|Thoreau's walden, the stones mark the location of his cottage.|
Listen to Henry David Thoreau (Chesuncook part six) and let's capitalize the key words:
The kings of England formerly had their forests ‘to hold the king’s game,’ for sport or food, sometimes destroying villages to create or extend them; and I think that they were impelled by a true instinct. Why should not we, who have renounced the king's authority, have our national preserves, where no villages need be destroyed, in which the bear and panther, and some even of the hunter race, may still exist, and not be ‘civilized off the face of the earth,’ — our forests, not to hold the king's game merely, but to hold and preserve the king himself also, the lord of creation, — not for idle sport or food, but for inspiration and our own true re-creation? or shall we, like villains, grub them all up, poaching on our own national domains?Here is another random quote:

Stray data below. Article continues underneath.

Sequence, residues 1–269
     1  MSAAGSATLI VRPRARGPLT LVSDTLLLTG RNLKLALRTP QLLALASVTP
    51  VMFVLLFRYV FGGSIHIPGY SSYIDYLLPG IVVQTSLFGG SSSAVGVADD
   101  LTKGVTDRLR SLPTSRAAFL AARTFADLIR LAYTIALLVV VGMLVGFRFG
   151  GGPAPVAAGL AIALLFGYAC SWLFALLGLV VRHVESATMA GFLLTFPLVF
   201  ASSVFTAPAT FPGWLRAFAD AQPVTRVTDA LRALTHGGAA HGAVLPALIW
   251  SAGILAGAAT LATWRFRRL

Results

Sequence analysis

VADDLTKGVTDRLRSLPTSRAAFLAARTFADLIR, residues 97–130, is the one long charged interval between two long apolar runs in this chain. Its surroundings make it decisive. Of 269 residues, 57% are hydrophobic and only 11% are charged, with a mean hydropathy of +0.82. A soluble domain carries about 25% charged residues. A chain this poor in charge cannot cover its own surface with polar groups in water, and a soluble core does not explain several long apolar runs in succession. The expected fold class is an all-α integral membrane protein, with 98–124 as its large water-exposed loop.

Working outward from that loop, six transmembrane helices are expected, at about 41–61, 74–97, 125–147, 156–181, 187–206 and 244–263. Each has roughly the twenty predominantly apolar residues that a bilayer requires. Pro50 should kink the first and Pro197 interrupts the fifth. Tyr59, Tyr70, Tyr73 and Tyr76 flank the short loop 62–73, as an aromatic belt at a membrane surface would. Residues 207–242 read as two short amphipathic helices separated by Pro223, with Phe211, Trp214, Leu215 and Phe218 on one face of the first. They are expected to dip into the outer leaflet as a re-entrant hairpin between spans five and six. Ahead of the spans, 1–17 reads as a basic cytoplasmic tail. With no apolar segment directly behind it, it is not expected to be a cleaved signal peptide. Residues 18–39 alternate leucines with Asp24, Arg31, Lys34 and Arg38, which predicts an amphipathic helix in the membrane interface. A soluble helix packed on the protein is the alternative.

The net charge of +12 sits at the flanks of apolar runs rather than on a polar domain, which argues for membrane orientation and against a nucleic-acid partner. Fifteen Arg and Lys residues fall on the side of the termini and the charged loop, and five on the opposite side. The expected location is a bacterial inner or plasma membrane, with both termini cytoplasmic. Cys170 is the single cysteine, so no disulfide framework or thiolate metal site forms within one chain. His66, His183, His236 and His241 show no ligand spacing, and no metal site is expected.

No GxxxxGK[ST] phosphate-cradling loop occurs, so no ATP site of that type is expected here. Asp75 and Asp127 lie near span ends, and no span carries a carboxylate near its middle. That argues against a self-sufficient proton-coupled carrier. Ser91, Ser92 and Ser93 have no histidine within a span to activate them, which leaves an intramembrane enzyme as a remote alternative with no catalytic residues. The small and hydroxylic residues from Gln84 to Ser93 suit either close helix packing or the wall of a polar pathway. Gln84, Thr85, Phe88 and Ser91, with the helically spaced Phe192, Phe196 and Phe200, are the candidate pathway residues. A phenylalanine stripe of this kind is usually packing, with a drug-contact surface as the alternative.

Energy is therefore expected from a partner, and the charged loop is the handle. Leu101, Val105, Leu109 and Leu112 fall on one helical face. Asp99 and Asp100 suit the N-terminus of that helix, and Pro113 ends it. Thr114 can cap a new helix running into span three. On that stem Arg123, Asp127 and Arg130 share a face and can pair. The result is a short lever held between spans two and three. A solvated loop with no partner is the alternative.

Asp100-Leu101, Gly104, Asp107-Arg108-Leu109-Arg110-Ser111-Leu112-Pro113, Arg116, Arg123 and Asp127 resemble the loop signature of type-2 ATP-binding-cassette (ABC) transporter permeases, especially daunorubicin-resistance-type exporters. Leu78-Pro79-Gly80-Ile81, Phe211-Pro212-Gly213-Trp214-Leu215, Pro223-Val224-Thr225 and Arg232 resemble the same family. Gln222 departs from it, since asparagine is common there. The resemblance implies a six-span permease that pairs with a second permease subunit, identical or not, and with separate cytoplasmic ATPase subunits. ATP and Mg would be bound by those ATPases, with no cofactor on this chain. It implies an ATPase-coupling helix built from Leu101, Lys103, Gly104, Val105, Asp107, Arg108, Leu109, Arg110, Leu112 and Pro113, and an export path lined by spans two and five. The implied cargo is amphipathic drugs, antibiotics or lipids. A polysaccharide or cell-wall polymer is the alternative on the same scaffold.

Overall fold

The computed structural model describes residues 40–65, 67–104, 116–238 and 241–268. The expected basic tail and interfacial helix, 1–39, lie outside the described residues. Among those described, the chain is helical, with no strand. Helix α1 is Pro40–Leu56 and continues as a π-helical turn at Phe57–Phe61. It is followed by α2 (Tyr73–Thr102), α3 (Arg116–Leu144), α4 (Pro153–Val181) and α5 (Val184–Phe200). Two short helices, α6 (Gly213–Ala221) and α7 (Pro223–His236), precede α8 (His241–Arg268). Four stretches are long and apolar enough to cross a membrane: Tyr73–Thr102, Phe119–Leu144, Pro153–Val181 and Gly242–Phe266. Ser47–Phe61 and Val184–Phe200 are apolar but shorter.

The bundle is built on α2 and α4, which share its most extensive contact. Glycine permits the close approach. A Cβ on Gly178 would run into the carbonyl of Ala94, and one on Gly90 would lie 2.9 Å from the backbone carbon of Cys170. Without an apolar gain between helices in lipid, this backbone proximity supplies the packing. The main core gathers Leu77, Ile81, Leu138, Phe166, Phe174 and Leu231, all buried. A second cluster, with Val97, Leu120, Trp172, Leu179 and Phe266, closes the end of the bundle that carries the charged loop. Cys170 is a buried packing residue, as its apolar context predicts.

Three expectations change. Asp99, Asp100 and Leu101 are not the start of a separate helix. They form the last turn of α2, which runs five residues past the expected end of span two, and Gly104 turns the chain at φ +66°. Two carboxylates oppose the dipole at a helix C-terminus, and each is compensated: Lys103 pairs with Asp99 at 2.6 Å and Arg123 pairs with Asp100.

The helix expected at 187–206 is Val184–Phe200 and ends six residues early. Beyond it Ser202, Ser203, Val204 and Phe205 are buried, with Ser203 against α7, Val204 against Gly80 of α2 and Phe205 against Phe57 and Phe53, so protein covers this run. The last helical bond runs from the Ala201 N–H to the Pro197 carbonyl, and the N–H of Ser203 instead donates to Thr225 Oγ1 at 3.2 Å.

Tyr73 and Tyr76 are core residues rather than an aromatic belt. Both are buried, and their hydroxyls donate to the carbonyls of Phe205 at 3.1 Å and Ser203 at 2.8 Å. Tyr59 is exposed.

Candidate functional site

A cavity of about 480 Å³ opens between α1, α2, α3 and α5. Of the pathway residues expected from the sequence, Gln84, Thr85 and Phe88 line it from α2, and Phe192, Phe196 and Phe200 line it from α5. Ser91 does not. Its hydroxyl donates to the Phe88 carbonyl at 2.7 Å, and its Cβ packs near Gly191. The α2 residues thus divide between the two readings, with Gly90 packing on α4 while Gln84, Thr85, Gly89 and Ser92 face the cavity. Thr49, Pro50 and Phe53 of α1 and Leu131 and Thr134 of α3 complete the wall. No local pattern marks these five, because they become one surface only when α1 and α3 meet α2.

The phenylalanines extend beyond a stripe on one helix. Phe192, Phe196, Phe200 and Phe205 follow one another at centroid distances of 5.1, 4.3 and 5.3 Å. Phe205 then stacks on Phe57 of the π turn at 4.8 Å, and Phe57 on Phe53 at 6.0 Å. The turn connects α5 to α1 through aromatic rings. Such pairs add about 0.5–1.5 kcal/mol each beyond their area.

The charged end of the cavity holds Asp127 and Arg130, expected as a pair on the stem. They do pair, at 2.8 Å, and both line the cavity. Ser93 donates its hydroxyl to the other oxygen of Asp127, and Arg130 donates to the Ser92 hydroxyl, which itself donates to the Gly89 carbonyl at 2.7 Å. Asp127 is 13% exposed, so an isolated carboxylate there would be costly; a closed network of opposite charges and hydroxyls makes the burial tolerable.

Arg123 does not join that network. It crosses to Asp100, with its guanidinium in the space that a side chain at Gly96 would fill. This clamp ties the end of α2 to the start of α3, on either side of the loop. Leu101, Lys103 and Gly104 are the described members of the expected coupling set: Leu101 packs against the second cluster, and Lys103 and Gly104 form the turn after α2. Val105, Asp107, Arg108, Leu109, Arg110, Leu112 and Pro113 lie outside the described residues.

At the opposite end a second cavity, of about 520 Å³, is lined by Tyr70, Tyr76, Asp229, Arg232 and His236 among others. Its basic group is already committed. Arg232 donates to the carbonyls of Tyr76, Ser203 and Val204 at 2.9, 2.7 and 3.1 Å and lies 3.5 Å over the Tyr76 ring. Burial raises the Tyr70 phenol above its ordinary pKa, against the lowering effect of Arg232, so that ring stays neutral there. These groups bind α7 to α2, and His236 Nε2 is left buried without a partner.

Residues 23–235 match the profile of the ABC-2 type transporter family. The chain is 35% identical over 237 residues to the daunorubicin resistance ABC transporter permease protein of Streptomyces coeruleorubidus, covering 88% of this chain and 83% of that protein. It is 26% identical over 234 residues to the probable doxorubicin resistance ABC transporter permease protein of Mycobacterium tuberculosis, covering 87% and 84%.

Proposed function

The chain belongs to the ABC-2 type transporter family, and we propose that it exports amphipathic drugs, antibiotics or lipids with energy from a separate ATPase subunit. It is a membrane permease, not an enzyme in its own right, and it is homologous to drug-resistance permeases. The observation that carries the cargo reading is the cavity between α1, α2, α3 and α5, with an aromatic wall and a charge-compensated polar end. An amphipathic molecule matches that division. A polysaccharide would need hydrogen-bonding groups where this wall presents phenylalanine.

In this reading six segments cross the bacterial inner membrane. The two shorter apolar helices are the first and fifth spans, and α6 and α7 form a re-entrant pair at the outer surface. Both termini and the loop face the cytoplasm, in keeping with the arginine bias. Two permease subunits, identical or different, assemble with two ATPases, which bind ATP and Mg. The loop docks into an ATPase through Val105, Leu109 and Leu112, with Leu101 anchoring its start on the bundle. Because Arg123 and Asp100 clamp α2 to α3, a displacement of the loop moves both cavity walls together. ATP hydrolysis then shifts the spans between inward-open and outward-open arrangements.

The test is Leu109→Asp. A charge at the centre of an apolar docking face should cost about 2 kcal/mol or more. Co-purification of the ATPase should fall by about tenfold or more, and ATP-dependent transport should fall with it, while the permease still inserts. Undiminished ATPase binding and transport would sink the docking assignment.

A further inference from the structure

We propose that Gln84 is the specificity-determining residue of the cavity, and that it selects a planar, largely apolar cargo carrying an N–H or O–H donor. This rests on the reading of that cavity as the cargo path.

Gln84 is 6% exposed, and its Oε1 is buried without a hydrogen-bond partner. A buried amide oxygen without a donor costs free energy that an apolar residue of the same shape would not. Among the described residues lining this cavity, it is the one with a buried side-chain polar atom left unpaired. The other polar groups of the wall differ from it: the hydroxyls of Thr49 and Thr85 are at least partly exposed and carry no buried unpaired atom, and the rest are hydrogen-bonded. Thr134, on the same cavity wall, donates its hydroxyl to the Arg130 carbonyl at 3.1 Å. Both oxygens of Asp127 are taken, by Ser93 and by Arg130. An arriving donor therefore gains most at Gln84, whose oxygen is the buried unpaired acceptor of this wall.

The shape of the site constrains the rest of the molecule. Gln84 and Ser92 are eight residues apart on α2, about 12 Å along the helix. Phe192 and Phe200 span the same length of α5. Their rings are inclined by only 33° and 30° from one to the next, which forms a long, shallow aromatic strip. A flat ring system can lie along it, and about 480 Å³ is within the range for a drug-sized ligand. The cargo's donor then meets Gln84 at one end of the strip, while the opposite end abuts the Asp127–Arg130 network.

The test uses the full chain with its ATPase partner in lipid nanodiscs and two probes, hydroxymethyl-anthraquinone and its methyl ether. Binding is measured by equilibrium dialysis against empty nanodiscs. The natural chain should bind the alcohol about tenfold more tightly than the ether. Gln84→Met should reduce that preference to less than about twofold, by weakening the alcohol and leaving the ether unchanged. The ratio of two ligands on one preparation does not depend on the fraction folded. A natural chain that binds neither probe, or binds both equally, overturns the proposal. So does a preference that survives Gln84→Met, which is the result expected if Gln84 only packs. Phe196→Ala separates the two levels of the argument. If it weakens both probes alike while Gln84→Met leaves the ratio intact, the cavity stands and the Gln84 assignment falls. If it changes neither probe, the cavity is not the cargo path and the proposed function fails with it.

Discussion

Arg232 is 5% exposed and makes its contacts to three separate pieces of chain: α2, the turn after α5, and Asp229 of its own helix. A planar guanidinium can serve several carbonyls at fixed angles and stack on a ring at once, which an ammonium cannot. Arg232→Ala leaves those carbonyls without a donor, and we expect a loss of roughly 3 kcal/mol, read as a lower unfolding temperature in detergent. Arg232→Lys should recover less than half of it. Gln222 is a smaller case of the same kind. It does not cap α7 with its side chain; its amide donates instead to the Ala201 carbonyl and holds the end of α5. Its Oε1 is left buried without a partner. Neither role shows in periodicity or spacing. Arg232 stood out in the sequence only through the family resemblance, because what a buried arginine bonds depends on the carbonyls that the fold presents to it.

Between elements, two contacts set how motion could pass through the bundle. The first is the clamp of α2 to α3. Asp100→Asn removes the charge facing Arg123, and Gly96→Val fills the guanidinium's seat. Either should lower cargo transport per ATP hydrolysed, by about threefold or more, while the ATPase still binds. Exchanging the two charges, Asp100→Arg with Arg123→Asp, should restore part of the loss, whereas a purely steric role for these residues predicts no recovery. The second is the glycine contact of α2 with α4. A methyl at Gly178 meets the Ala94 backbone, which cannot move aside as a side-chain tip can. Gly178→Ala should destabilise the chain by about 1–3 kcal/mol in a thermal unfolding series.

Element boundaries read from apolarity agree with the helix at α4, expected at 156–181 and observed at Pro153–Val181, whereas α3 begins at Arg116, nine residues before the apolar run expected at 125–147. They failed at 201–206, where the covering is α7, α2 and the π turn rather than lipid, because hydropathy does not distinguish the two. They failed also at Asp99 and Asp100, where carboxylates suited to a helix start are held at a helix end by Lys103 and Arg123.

In fact, the deeper you penetrate into the woods, the more intelligent, and, in one sense, less countrified do you find the inhabitants; for always the pioneer has been a traveler, and, to some extent, a man of the world; and, as the distances with which he is familiar are greater, so is his information more general and far reaching than the villager’s.